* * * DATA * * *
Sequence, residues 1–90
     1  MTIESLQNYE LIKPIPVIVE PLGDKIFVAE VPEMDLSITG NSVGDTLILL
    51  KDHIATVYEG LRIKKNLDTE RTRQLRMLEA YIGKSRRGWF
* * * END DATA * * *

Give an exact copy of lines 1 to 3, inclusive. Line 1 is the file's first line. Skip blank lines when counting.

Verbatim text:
Sequence, residues 1–90
     1  MTIESLQNYE LIKPIPVIVE PLGDKIFVAE VPEMDLSITG NSVGDTLILL
    51  KDHIATVYEG LRIKKNLDTE RTRQLRMLEA YIGKSRRGWF